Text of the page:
April 20th, 2015 by Kevin OBrien
In the Lab: Dell PowerEdge 13G R730 Cluster
For organizations leading the way with the business-critical solutions, technology refreshes are a fundamental part of doing business. Leading-edge applications can't wait for legacy infrastructure; be it storage, interconnect, or compute related. The StorageReview Lab faces the same fundamental issues as application workloads become larger and more intense to take advantage of the newest generation of storage and networking products. Last week we took delivery of a dozen Dell PowerEdge 13G R730 servers specifically earmarked to test the latest virtualization and latency-sensitive workloads that face tier zero storage.
With the goals of pushing our virtualization tests to their limits, we worked closely with Dell on selecting a configuration of Intel Haswell-powered PowerEdge 13G R7300 servers. The main decision to go with a 2U server over a 1U R630 or blade chassis was to accommodate the multiple of HBAs or NICs required for our different testing scenarios. With 7 available PCIe 3.0 slots inside the R730 to not limit the amount of hardware we can install, the choice was easy. For CPU and DRAM we went with a solid midrange configuration of dual Intel Xeon E5-2690 v3 CPUs (2.6GHz, 12 cores, 30MB cache) as well as 256GB of DDR4-2133MHz DRAM.
Dell PowerEdge 13G R730xd Server Specifications:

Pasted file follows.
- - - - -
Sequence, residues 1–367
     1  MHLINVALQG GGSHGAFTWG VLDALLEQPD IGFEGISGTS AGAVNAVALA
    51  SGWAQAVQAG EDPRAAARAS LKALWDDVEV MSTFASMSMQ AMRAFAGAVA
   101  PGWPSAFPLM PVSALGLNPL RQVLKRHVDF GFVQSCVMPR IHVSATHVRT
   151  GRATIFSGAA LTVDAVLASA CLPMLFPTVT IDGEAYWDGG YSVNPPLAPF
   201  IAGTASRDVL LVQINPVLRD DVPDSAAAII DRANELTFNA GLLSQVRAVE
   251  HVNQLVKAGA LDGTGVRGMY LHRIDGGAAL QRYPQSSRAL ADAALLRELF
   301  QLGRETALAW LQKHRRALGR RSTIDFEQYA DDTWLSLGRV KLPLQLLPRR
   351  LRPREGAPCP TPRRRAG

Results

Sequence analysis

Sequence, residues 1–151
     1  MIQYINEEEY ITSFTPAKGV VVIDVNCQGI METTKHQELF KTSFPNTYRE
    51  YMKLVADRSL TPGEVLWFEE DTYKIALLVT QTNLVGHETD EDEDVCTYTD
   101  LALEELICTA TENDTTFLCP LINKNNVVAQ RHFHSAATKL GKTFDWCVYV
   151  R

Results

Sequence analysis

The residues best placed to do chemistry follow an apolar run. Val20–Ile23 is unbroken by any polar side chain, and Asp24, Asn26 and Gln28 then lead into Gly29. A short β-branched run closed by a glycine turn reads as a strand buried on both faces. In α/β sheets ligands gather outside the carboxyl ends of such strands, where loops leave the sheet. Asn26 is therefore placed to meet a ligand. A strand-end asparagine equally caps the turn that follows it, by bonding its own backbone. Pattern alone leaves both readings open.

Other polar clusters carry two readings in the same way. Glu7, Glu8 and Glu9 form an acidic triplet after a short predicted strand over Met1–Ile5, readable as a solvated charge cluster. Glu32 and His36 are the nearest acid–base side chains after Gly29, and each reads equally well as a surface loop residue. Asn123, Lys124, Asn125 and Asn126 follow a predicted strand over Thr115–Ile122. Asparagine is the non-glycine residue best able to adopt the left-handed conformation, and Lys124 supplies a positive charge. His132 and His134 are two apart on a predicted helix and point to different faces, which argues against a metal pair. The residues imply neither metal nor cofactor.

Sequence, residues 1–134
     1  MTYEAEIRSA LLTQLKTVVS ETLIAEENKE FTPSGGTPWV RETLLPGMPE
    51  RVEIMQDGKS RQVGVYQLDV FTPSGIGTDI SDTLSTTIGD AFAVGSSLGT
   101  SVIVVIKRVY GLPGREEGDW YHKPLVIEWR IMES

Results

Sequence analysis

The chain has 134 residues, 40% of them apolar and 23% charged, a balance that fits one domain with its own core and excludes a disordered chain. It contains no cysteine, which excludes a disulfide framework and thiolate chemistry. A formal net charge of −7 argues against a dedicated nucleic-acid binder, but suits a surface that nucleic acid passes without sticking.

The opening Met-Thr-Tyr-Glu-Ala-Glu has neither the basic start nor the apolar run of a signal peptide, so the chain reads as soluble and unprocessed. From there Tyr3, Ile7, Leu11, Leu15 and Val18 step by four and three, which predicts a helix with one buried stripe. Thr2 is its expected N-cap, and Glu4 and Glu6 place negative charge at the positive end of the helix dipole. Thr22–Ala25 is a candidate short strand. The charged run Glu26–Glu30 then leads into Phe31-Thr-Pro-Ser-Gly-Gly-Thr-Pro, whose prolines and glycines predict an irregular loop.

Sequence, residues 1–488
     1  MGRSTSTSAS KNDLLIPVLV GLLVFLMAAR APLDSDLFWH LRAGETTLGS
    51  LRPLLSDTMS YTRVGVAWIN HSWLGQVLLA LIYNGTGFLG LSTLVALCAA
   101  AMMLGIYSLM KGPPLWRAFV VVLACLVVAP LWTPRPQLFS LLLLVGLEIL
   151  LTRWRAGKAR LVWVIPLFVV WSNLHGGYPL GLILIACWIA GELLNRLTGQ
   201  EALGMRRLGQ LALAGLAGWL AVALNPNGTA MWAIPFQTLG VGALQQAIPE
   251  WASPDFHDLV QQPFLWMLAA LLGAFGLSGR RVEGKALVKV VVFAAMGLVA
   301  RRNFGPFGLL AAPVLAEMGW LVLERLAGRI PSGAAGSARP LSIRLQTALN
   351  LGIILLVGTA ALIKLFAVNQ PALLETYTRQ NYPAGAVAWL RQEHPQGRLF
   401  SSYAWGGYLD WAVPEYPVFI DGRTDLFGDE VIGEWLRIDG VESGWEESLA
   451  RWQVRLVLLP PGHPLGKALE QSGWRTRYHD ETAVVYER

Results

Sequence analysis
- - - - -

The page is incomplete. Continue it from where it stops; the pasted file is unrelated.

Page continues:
- Dual Intel E5-2690 v3 CPUs (2.6GHz, 12-cores, 30MB Cache)
- 256GB DDR4 RAM (16GB x 16 DDR3)
- Integrated Perc H730P RAID Card
- iDRAC8 Enterprise
- Quad 1GbE Network Daughter Card
- Mellanox ConnectX-3 VPI NIC
- Emulex Gen 5 Fibre Channel 16GFC or 10GbE Dual-Port Converged Fabric Adapter
With each new generation of enterprise product, be it networking, storage, or compute, the bottleneck is in the infrastructure changes. With our existing server cluster based around Intel Sandy Bridge processors, the refreshes in the storage market, especially with all-flash arrays, have shifted the bottleneck back on our compute cluster. Moving from E5-2690 (8-core 2.9GHz) to the E5-2690 v3 (12-core 2.6GHz) processors we're able to increase the CPU capacity from 46.4GHz to 62.4GHz per host. With the upgrade path to the E5-2699 v3 (16-core 2.3GHz) processor, we have the potential to increase the CPU capacity to 82.8GHz.
The most important goal of any review site is to build industry buy-in, where enterprise hardware vendors know and trust the benchmarks used to evaulate their gear. By working closely with Dell, StorageReview is able to gain access to valuable resources when adding new benchmarks or gaining insight when researching new technologies. With Dell and other vendors continuing to offer support to the StorageReview Lab, it helps us grow and provide a meaningful resource to customers as they look to research product and making their buying decisions.